Chemistry itself is not the enemy, but chemicals that degrade soil, water, and air quality should all be examined closely—as we finally realized in the late 1960s when we saw that bald eagles were disappear- ing from our landscape; that no longer were the warm summer evenings filled with the flicker of fireflies and the chirping Of tree frogs; that some once-plentiful songbirds had become rare sights; that local farmers and others were being stricken with unusual cancers and Other diseases.

Society’s reaction to these very real problems caused by synthetic chemicals are at this very moment helping to reverse some Of these trends. The Great Lakes and many rivers are now cleaner than they were 30 years ago, and the fish in them may be eaten safely. In many regions, bald eagles are once again a familiar sight. Regulations now seek to prevent wholesale pollution Of the landscape, and some insidious forms Of cancer are now on the wane.

It is into this portion of the epic social story that today’s organic gardener fits—a gardener devoted to minimizing his or her impact on the environment at large, and seeking to improve the health Of the family by consuming wholesome produce grown at home. Even if you’re just a family Of one, And there have never been more members in this socially conscious group than there are today.

The Principles of Modern

Organic Gardening Sustainability is the primary philosophy of organic gardening, based on the inter- connectivity Of gardening and gardens to the surrounding environment. Its roots are the phrase Primum non nocere, which in Latin means, “First, do no harm.” This phrase reverberates throughout the organic gardening community because individual organic practices should build on each other to create an overall gar- den system that only increases in productivity over time. Productivity means crop yield, but it also can be quantified by other increases. For example, another positive outcome would be an increase in songbird visits to your garden when you grow Organically, resulting from the greater quantity Of edible insect life available for birds to feed on,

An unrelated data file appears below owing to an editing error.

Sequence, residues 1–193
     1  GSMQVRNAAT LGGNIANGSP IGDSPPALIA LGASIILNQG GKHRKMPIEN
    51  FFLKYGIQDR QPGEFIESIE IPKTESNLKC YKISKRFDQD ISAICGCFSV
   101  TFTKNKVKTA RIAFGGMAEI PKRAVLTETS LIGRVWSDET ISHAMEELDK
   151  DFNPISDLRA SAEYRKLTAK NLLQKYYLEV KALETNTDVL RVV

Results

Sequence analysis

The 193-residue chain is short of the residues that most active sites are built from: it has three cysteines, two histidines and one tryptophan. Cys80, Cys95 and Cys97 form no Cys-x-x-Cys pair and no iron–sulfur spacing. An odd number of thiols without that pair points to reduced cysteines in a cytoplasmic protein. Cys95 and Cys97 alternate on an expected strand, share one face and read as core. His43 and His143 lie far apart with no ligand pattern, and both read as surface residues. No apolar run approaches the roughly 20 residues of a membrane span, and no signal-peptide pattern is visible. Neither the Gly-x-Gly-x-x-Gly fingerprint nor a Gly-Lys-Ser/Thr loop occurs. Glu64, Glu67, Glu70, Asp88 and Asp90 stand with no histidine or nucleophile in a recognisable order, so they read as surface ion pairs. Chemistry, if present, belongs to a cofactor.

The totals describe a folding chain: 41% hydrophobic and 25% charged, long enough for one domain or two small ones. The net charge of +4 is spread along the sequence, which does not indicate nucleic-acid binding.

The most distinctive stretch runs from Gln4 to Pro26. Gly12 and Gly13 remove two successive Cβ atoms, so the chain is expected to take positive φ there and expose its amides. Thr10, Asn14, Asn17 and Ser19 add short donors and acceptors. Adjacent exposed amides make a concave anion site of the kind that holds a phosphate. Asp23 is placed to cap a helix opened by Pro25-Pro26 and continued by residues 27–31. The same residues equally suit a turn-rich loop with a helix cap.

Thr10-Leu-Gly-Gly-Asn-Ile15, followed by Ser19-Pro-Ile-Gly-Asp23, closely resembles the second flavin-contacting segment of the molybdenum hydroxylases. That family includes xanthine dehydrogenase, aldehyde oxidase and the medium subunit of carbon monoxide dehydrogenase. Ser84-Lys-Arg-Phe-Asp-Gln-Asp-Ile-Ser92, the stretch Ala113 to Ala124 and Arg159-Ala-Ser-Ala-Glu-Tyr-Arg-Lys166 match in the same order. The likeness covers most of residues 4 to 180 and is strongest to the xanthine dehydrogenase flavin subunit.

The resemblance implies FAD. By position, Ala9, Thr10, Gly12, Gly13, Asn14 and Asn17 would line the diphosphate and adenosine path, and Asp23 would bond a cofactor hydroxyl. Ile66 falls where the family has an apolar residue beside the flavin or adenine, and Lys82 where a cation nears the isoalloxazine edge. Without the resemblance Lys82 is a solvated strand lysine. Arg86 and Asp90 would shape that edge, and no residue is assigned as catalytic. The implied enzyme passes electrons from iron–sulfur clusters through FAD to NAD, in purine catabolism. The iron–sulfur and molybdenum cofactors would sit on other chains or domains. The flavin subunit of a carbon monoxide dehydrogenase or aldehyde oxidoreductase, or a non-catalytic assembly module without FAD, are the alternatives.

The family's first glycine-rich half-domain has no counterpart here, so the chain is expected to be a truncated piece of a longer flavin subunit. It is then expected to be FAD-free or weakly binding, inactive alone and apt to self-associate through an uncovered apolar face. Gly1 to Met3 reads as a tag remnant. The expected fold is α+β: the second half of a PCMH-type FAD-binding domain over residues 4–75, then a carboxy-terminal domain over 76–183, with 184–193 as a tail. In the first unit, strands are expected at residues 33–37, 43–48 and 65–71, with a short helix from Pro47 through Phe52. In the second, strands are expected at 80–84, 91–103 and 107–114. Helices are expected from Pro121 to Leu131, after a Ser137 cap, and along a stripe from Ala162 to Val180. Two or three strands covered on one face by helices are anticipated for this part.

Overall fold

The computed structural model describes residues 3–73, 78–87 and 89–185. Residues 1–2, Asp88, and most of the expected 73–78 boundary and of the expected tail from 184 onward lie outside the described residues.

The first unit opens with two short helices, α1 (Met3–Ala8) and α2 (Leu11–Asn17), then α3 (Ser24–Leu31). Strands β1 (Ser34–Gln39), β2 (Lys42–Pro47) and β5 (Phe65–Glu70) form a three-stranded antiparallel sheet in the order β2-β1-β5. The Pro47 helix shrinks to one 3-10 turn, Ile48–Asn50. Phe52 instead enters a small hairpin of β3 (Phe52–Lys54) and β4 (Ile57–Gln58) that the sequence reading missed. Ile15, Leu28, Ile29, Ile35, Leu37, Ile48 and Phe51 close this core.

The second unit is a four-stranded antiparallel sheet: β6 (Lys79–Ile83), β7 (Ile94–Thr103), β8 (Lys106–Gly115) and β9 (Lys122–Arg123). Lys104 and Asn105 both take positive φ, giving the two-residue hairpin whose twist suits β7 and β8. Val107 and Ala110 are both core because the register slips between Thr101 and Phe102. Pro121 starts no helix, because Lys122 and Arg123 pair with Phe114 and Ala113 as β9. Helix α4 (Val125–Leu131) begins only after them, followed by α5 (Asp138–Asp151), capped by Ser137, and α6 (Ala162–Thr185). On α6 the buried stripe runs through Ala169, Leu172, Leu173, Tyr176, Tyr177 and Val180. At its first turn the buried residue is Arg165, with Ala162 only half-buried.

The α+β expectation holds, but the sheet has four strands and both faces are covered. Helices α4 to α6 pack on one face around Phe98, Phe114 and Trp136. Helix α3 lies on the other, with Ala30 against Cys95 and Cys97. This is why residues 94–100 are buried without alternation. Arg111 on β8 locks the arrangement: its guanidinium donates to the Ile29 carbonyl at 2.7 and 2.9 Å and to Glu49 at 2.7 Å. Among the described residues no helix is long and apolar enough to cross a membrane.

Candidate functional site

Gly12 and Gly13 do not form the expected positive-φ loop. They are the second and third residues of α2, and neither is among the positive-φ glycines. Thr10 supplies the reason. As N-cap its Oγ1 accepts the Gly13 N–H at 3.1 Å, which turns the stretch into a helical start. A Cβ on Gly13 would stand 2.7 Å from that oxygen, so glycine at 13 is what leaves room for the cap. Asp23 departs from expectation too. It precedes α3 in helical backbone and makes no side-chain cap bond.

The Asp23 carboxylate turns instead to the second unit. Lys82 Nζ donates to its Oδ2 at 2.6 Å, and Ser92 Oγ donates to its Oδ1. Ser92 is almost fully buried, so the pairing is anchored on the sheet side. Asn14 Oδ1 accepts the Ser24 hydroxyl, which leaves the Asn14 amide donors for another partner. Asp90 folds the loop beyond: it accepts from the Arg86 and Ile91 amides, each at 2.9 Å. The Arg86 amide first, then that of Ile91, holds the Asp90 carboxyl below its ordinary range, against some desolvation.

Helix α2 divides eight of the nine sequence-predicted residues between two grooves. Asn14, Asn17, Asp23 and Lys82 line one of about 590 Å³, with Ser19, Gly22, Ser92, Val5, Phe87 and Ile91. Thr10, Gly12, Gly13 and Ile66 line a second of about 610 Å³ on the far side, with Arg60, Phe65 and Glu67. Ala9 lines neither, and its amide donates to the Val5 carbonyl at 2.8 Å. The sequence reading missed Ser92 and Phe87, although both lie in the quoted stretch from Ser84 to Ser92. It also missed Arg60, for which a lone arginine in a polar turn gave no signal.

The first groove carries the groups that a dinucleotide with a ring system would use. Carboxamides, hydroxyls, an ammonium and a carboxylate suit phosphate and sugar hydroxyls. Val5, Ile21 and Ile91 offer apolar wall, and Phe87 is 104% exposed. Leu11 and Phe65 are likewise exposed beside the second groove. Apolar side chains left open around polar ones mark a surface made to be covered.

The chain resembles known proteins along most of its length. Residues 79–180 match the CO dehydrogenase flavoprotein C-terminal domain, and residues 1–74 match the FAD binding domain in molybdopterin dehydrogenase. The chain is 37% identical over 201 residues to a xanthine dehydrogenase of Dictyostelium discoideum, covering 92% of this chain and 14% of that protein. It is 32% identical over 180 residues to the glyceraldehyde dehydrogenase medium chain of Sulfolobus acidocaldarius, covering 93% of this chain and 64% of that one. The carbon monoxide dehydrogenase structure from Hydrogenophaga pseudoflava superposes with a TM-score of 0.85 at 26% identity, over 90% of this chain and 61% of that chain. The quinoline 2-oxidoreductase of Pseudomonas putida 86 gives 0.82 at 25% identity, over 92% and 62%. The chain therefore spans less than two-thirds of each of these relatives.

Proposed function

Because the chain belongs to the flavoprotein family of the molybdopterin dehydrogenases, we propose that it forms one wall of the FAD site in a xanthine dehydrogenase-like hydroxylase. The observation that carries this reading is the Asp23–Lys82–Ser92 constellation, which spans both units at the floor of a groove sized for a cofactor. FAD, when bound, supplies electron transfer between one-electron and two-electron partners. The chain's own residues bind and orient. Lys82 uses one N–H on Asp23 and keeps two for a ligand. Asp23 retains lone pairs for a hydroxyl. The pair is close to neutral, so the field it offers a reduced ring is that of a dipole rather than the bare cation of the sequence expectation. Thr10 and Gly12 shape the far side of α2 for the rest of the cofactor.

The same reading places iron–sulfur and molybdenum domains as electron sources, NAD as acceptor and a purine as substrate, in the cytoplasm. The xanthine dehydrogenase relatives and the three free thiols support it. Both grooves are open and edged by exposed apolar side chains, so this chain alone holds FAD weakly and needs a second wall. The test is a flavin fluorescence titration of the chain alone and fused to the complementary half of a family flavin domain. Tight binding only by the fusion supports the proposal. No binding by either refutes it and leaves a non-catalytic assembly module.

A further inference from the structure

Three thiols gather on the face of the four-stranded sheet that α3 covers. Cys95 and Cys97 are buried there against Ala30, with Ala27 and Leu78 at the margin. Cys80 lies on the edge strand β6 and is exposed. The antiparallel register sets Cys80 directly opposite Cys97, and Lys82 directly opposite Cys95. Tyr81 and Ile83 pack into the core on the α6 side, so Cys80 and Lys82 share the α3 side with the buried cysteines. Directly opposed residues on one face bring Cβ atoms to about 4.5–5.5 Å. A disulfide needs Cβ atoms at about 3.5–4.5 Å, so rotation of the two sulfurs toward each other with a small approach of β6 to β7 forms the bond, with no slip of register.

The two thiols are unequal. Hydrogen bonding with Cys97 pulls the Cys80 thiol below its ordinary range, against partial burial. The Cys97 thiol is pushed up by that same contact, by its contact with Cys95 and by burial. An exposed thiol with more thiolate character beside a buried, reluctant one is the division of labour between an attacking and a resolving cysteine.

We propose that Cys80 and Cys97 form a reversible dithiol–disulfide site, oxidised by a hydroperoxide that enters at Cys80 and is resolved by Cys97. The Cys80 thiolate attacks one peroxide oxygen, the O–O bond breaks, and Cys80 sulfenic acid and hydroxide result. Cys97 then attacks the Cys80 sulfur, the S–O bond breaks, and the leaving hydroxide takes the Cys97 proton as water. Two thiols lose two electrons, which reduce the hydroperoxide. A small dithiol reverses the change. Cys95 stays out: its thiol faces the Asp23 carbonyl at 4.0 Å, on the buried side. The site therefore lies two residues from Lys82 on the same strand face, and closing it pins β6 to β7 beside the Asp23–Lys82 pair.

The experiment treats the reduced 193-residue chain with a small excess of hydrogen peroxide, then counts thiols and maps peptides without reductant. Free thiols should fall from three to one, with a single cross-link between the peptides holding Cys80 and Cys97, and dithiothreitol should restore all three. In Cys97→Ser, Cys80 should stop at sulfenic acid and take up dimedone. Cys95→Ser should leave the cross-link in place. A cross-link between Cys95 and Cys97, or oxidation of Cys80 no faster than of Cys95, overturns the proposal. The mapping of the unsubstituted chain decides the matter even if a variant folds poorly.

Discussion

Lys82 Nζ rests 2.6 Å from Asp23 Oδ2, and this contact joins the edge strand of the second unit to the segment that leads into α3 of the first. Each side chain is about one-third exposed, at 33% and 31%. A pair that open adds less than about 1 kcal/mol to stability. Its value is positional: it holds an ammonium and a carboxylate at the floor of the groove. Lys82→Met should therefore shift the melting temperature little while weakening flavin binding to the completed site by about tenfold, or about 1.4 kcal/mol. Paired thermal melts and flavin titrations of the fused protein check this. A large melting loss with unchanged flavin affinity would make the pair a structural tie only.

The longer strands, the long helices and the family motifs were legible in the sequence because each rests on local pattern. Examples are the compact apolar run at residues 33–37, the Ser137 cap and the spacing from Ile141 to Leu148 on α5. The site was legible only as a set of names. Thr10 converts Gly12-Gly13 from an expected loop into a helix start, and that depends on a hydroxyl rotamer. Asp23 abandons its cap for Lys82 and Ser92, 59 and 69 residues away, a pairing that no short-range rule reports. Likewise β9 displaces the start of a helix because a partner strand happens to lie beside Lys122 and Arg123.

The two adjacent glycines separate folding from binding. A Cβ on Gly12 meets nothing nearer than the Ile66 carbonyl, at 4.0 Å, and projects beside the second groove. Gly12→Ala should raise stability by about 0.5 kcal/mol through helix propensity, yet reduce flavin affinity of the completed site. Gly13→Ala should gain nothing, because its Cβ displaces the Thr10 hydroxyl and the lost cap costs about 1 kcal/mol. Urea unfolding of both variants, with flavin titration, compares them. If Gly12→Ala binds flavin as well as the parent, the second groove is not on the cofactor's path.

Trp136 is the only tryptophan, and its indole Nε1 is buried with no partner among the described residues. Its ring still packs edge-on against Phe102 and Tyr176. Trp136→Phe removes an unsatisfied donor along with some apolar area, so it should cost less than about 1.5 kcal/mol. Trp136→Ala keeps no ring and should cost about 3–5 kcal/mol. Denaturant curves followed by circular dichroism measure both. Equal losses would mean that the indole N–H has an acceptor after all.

Organic gardens benefit local environmental conditions and build soil health over time amassing soil carbon levels, building soil structure, and building soil microbial populations. This interconnected network Of microbes converts organic substances to plant-available nutrients, and holds these nutrients in the soil until they are needed by plants.

Joining the practice of organic gardening involves a paradigm shift. It requires the gardener to view the landscape with a different lens. By this I mean that the gardener needs to begin looking at the entire landscape as one big picture—encompassing both her individual garden and the surrounding areas, because every decision and action in the home garden affects Other aspects Of the broader landscape. Fertilizers and chemicals that are soluble in water find their way into streams and freshwater sources and nitrogen applied to a backyard in Illinois may eventually end up in the Gulf of Mexico. If we want to reverse the trend Of pollution we must begin to look at  the big picture and shift to an attitude Of proactive prevention rather than reactive attack. We must realize that what we do at home creates effects downstream.